Papaver radicatum subsp. polare
Plants loosely to densely cespitose, sometimes even pulvinate, to 1 dm, with numerous short, dull, persistent leaf bases. Leaves to 4 cm; petiole to 1/2 length of leaf; blade green and blue-green on both surfaces, lanceolate, with 2(-3) pairs of primary lateral lobes; primary lobes broadly lanceolate to ovate, apex obtuse to rounded. Inflorescences: scapes curved, decumbent, often densely hispid, trichomes spreading, dark colored. Flowers to 3 cm diam.; petals yellow or white. Capsules subglobose to obovoid, to 1.5 cm, strigose, trichomes dark brown. The report of 2n = 84 (as P. cornwallisensis) attributed to G. Knaben (1959) by A. Löve (1962b) cannot be confirmed.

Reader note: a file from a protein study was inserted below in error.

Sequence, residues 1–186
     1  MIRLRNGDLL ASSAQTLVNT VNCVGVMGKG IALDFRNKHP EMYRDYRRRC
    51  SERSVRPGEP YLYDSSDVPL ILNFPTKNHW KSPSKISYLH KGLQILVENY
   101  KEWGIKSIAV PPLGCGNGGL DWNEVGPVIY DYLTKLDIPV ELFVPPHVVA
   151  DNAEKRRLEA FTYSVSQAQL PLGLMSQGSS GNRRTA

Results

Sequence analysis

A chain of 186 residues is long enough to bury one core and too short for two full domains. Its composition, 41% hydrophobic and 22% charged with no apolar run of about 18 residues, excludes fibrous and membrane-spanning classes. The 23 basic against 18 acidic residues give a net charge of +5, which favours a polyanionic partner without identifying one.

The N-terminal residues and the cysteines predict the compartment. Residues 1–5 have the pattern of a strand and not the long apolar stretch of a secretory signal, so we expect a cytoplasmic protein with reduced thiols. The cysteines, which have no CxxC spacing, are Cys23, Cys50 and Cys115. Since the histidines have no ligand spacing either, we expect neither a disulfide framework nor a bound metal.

Phenology: Flowering Jun–Jul.
Habitat: Largely unvegetated, rocky tundra and clayey soils of the northernmost arctic islands
Elevation: 0-1000 m
Similar but poorly known plants from the highest elevations of the St. Elias and Richardson mountains may belong here. Papaver uschakovii Tolmatchew & Petrovsky from arctic Russia also appears to fall within the range of variation described here. Knowledge of this subspecies in Greenland, where evidently it also occurs, is inadequate to permit an accurate account of its distribution there. The names P. dahlianum Nordhagen and P. radicatum subsp. dahlianum (Nordhagen) Rändel, which apply to plants from northernmost Norway and Svalbard, have been applied also to North American specimens of P. radicatum subsp. polare. It may be that these entities are in fact the same, or that P. radicatum subsp. polare occurs also in northern Scandinavia along with distinct P. dahlianum, but present knowledge is insufficient for a definite determination.
If this taxon, as here circumscribed, is recognized instead at species rank, the correct name is Papaver cornwallisensis.